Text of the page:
Cluster of differentiation 3 consists of five different polypeptide chains with molecular weights ranging from 16 to 28 kD. CD3 have four different invariant chains: CD3 gamma, CD3 delta, CD3 epsilon, and CD3 zeta. The CD3 antigen is expressed in early thymocytes and its appearance probably represents one of the earliest signs of commitment to the T cell lineage.
In immunology, Cluster of differentiation 3 as T-cell co-receptor helps to activate the cytotoxic T-Cell. CD3 consists of a protein complex and is composed of four distinct chains. These chains associate with a molecule known as the T-cell receptor (TCR) and the ζ-chain (zeta-chain) to generate an activation signal in T lymphocytes. The TCR, ζ-chain, and CD3 molecules together constitute the TCR complex. The complex functions to transduce intracellular signals during TCR antigen recognition. CD3 epsilon is one of at least three invariant proteins that associate with the variable antigen recognition chains of the T cell receptor and function in signal transduction.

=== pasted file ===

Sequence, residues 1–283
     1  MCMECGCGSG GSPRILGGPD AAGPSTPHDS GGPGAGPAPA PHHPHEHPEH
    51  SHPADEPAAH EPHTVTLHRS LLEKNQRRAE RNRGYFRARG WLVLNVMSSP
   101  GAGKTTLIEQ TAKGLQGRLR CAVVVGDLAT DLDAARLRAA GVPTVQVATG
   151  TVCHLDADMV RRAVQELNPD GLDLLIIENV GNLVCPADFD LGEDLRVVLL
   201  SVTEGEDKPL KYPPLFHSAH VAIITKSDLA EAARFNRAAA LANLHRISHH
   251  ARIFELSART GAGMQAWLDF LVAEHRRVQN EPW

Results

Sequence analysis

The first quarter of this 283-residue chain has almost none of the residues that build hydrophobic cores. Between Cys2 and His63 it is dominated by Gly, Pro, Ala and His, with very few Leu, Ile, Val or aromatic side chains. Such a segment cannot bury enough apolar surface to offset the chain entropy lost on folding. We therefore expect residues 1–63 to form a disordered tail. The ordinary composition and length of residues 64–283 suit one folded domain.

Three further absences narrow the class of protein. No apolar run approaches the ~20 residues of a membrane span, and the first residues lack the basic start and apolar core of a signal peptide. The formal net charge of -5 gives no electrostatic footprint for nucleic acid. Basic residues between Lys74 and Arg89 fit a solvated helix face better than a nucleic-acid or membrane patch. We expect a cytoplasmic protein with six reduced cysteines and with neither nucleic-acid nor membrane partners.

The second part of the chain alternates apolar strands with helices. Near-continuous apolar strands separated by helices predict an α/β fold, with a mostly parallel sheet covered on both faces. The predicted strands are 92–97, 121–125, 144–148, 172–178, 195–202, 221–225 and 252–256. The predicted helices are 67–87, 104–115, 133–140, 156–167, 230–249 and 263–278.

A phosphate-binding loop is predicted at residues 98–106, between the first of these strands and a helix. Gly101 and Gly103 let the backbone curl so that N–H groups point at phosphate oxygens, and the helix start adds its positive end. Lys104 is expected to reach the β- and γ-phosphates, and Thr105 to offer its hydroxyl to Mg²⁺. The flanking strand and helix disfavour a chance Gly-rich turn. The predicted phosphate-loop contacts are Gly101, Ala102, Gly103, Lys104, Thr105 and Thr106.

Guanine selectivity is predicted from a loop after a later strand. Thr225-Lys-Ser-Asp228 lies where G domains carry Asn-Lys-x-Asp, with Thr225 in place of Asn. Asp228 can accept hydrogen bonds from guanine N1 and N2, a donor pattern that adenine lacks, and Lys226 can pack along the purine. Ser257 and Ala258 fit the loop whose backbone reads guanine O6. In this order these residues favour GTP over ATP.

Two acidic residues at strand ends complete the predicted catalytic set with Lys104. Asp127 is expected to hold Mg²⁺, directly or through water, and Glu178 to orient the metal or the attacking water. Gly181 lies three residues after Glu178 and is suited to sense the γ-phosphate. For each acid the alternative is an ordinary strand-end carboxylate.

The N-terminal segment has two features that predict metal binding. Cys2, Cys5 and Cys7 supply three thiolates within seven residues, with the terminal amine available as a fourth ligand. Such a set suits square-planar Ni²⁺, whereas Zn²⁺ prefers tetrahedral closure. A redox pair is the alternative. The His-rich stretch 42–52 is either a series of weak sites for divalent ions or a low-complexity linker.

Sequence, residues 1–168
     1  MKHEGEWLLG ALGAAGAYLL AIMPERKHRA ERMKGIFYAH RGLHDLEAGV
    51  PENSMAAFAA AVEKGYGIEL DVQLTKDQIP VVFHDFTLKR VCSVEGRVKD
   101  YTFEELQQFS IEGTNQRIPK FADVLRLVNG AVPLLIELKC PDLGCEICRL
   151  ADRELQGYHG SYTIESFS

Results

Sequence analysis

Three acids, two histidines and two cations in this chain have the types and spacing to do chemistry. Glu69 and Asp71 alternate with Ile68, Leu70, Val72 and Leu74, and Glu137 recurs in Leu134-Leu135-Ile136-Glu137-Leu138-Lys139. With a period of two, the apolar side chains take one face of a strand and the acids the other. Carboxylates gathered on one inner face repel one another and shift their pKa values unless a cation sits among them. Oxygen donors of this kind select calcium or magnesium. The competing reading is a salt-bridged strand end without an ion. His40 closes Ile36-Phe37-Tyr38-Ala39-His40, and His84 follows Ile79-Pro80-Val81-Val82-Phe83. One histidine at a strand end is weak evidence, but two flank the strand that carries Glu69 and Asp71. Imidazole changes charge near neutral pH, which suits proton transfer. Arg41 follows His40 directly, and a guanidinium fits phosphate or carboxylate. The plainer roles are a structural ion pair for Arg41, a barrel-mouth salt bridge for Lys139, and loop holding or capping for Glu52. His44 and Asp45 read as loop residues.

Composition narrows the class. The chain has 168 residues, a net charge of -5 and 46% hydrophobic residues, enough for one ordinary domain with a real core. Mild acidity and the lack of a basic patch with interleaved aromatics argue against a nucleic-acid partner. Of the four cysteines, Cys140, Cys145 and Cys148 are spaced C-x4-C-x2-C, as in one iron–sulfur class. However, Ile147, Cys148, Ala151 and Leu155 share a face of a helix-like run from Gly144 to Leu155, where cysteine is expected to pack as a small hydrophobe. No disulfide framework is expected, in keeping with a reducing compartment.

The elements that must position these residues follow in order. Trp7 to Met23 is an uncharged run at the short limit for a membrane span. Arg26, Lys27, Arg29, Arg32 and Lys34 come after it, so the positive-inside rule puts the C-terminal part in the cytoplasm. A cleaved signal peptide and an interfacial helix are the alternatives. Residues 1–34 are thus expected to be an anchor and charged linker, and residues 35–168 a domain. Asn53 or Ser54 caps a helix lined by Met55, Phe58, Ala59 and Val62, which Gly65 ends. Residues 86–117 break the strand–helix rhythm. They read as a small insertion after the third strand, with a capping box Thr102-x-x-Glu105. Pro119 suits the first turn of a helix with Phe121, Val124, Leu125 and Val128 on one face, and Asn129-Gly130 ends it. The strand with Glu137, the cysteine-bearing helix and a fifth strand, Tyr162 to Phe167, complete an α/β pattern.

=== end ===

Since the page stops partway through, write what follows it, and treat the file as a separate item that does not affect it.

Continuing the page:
Cluster of differentiation 3 has high specificity, at all stages of T-cell development, makes it a useful immunohistochemical marker for T-cells in tissue sections. The antigen remains present in almost all T-cell lymphomas and leukaemias, and can therefore be used to distinguish them from superficially similar B-cell and myeloid neoplasms.
Because cluster of differentiation 3 is required for T-cell activation, drugs (often monoclonal antibodies) that target it are being investigated as immunosuppressant therapies for type 1 diabetes and other autoimmune diseases.